We encourage our clients to not lose heart and to continue to broaden, expand and accelerate their efforts to align with planetary boundaries
The US Supreme Court (SCOTUS) dealt a harsh blow to climate action on June 30, 2022 with its ruling on West Virginia v. Environmental Protection Agency (WV v. EPA), which limits the Environmental Protection Agency’s (EPA) authority to regulate greenhouse gas (GHG) emissions and combat the planet’s unfolding environmental emergency. The decision may significantly curtail the Agency’s ability to reduce emissions from existing power plants and address environmental issues in other sectors, posing a major setback in tackling the global climate crisis.
On the heels of controversial rulings that limit access to reproductive health — an essential component of climate adaptation and resilience — and challenge progress on gun control, the 6-3 vote suggests that the Clean Air Act does not give the EPA the authority to impose wide-reaching GHG emissions regulations on the power sector. The move effectively reduces the tools the EPA has at its disposal to quickly and efficiently drive the grid towards decarbonization. Per the New York Times, “the decision stripped President Biden of a crucial tool in his efforts to control pollution.”
The ruling couldn’t come at a worse time. Scientists now generally accept that our best hope of limiting global warming to 1.5ºC and mitigating the worst case scenario of climate change is for humanity, and its institutions, to act decisively now. To achieve this, global GHG emissions must peak by 2025 and be reduced by 43% by 2030. For the United States to meet its national commitments under the Paris Climate Agreement, the Biden Administration has proposed to cut economy-wide emissions 50% by 2030, alongside a complete decarbonization of the power sector — one of the largest sources of GHG emissions in the US — by 2035. This will prove all the more challenging now that the Executive Branch’s ability to drive systemic change through regulation has been severely compromised.
The SCOTUS docket is discretionary and the decision to rule on WV v. EPA, which challenges a regulation that had never even taken effect, was an unusual one. There was no clear urgency to take up the case, making the ideological and political motive of the decision acutely clear. The Court’s conservative majority seems to be working their way down a list of agenda items on behalf of the American far right. What is perhaps the most troublesome aspect of this case, as Ian Millihiser of Vox points out, is that through the West Virginia decision the Supreme Court has “effectively placed itself at the head of much of the executive branch of the federal government.” This is particularly problematic for the environmental cause. As Justice Kagan persuasively argues in her dissenting opinion, the Court has effectively told the EPA’s climate experts that they are not authorized to do their job under the Clean Air Act. The judiciary is now, in effect, the ultimate arbiter in matters of climate policy.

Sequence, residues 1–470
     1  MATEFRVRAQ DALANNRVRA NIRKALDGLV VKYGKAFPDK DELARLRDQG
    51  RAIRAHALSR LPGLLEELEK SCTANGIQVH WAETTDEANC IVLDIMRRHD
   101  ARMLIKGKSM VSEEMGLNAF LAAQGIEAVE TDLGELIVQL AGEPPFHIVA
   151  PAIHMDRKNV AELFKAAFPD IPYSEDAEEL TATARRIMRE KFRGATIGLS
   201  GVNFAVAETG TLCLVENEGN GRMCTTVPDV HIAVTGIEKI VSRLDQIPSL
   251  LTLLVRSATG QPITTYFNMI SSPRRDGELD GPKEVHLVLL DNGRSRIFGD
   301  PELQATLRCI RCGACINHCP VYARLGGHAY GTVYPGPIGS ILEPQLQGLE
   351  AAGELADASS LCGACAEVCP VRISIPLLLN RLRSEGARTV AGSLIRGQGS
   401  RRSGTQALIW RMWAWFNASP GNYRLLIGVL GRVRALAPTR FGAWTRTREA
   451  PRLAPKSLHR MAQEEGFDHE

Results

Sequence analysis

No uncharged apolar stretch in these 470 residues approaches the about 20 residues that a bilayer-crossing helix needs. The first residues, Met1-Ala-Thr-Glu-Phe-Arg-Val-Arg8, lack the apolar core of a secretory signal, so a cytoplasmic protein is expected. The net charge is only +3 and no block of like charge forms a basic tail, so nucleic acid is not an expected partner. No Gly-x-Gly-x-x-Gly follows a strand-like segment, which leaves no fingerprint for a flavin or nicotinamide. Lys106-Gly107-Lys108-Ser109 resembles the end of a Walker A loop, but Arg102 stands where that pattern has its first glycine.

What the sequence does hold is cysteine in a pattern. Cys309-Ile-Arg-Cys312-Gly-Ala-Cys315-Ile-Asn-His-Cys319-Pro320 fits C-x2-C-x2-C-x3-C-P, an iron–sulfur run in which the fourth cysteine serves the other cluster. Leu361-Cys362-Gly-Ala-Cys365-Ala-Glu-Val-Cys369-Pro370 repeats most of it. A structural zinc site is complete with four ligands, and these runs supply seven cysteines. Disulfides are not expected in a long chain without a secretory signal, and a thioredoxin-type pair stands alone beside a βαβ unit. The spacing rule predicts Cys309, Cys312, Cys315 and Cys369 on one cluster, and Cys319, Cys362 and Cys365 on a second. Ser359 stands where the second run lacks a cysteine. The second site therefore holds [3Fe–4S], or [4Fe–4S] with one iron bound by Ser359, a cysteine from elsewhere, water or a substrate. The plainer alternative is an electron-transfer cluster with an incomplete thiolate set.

That is, unless a gridlocked US Congress — which also notably lacks in environmental expertise — decides to pass the kind of sweeping climate legislation that has eluded it for decades. By punting the responsibility to Congress, SCOTUS has potentially mired environmental action to even more bureaucratic inaction.
In terms of what this could mean for businesses, only time will tell. It’s at least true that this ruling doesn’t directly affect how companies are addressing their Scope 1 and 3 emissions but the unprecedented decision could beget more challenges to the EPA’s authority and governmental environmental action in general. In the long-run, the legal climate could make it increasingly difficult for businesses to meet their voluntarily set targets without regulation driving the economy toward decarbonization.
Though it’s disheartening that US leaders are playing politics at the expense of the planet (and all those occupying it), we encourage our clients to not lose heart and continue to broaden, expand and accelerate their efforts to align with planetary boundaries. While governments can seem increasingly erratic in their handling of environmental matters, the business world continues to have an opportunity — and a duty — to drive positive change for the benefit of people and planet. We, at Quantis, have faith that businesses understand what’s in their own collective best interests.
And it’s why we do what we do.